Synlett 2005(2): 363-364  
DOI: 10.1055/s-2004-837237
SPOTLIGHT
© Georg Thieme Verlag Stuttgart · New York

p-Toluenesulfonylmethyl Isocyanide (TosMIC)

V. V. Ramana Reddy*
D-206, Discovery Laboratory, Organic Chemistry Division-III, ­Indian Institute of Chemical Technology, Tarnaka, Hyderabad-500 007, India
e-Mail: ramanareddyvv@yahoo.co.in;

Further Information

Publication History

Publication Date:
20 January 2005 (online)

Biographical Sketches

V. V. Ramana Reddy was born in Tenali, Andhra Pradesh, India. He obtained his MSc in 1999 from Pondicherry University, Pondicherry, India. He is currently working as a senior research ­fellow towards his PhD under the supervision of Dr. P. Radha Krishna at the Indian Institute of Chemical Technology, in ­Hyderabad, India. His research interests include the total synthesis of bioactive natural products and C-nucleosides.

Introduction

p-Toluenesulfonylmethyl isocyanide (TosMIC) is one of the most versatile and widely applicable reagents in organic synthesis. The methylene group of TosMIC is highly activated (pKa = 14) by the two electron-withdrawing substituents. Deprotonation of TosMIC has been achieved with an array of bases ranging from K2CO3 in MeOH to n-BuLi in THF. TosMIC is considered as a formaldehyde equivalent with reversible polarity. The reagent is a stable solid (mp 116-117 °C) that is commercially available, or can be prepared from p-toluenesulfonic acid [1] in a two-step process. Many heterocycles, such as oxazole, pyrrole, ­imidazole, thiazole and 1,3,4-triazole, can be synthesized from TosMIC.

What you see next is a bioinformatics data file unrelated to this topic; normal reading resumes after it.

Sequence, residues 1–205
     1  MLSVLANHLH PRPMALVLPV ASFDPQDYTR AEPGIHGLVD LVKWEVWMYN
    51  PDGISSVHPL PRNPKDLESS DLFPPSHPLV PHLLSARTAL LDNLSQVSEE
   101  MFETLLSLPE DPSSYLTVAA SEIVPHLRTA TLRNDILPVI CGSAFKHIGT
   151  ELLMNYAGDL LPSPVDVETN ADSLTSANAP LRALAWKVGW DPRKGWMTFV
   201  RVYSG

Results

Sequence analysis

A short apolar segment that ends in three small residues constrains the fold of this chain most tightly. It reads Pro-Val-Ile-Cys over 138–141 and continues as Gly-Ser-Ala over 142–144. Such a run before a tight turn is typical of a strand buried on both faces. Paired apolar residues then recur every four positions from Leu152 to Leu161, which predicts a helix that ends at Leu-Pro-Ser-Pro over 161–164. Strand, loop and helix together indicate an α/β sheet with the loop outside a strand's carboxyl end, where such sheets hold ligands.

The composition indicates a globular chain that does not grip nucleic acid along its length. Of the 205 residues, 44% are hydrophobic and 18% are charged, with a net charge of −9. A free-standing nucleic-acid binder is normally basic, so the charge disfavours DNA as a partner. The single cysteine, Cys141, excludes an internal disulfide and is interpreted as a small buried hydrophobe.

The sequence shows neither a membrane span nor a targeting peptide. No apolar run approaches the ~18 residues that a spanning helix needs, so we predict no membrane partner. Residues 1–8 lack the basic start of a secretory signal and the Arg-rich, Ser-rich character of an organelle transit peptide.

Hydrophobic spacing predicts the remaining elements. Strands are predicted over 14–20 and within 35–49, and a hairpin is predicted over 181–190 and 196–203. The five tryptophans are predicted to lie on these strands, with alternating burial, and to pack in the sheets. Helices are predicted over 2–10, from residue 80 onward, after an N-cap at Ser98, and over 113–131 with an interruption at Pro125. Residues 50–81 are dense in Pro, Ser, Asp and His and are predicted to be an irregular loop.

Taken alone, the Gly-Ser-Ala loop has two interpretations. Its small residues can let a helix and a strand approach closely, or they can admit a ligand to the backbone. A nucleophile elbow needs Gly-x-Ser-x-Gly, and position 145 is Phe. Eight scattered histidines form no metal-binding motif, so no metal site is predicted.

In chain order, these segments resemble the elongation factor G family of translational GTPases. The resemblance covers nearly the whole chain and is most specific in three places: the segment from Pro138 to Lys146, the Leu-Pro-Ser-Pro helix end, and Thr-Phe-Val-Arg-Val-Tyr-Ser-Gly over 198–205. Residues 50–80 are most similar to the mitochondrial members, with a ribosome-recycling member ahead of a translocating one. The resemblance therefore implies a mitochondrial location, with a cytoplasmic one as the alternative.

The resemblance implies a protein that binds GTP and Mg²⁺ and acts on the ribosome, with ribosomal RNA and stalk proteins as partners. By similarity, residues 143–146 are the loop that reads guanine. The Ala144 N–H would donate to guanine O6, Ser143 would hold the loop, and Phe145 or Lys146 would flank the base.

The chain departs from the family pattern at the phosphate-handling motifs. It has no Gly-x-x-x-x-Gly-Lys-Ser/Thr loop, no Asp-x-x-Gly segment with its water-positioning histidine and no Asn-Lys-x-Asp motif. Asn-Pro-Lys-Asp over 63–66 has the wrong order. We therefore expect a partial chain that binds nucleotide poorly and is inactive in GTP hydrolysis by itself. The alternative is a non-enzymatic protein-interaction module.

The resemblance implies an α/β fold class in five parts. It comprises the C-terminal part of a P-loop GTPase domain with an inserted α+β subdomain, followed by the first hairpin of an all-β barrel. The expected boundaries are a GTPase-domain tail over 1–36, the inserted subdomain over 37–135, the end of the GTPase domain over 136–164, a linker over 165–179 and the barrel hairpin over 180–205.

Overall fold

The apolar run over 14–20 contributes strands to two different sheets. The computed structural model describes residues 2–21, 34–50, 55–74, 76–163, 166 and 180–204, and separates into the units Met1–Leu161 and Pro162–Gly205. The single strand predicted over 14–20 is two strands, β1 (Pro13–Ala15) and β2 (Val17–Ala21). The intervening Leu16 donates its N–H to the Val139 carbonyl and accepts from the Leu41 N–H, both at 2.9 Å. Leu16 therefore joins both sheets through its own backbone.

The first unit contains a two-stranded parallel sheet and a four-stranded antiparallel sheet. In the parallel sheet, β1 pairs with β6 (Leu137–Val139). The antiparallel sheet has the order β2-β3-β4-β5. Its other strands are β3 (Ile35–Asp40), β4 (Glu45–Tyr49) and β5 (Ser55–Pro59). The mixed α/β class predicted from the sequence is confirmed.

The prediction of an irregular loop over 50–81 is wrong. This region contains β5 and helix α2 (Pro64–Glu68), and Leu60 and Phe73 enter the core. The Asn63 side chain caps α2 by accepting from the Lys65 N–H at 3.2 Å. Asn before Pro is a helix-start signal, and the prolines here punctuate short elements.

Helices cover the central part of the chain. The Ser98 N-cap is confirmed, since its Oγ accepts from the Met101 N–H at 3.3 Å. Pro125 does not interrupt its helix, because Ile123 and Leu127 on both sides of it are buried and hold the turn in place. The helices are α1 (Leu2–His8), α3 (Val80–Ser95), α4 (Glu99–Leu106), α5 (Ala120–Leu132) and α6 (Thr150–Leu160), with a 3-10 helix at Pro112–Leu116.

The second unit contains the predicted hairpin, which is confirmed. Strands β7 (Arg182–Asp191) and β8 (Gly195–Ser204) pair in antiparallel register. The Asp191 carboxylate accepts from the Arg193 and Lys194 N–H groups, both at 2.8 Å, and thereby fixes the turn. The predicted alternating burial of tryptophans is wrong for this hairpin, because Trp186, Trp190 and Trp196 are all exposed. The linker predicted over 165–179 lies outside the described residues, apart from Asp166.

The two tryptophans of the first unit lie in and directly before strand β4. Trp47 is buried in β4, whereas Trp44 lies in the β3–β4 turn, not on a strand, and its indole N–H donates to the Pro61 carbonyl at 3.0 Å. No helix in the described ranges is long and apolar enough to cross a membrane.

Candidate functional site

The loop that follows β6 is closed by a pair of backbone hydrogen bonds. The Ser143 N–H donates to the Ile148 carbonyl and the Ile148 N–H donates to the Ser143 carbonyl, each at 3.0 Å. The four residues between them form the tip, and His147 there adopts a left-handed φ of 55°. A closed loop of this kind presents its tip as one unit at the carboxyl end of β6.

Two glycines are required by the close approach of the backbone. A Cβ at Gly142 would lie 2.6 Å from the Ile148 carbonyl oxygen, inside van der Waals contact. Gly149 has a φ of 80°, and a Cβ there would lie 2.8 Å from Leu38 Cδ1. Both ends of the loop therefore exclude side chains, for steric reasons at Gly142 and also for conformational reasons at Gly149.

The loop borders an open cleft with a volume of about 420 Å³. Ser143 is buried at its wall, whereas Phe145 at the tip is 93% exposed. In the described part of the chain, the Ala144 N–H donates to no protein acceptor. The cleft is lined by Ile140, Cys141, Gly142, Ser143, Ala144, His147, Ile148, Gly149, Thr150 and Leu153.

Figure 1

Abstracts

(A) Most ketones are converted in one operation into cyanides with TosMIC in the presence of potassium tert-butoxide in non-protic solvents (DME, DMSO). [2] The reductive cyanation of some aldehyde [3] was carried out at low temperature and needs addition of methanol.

(B) TosMIC on reaction with aldehyde in methanol at room ­temperature leads to oxazolene, where as oxazoles were formed at reflux temperature. [4] The addition of TosMIC to the aldehyde is ­followed by cyclization and subsequent elimination of the tosyl group to afford oxazole. Dhar et al. reported a modified oxazole synthesis using DBU in DME at 80 °C. [4b]

(C) Base-induced addition of TosMIC to aldimines in protic medium occurs with concomitant cyclization followed by elimination of p-toluenesulfonic acid to result in imidazoles. [5]

(D) Pyrroles [6] are obtained by base-induced addition of TosMIC to Michael acceptors. The ring closure between the isocyano and ­enolate carbons is followed by aromatization.

(E) TosMIC, on reaction with diazonium salts, results in 1,2,4-triazoles. [7] The TosMIC anion attacks the electrophilic b-nitrogen of the diazonium ion, then ring closure occurs.

(F) Mono- and dialkylated TosMIC [8] were formed from corresponding alkyl halides under phase transfer conditions. Hydrolysis of dialkylated TosMIC leads to symmetrical and unsymmetrical ketones. [9] The reduction of mono and dialkylated TosMIC with Li in liquid NH3 afforded the corresponding hydrocarbons. [10]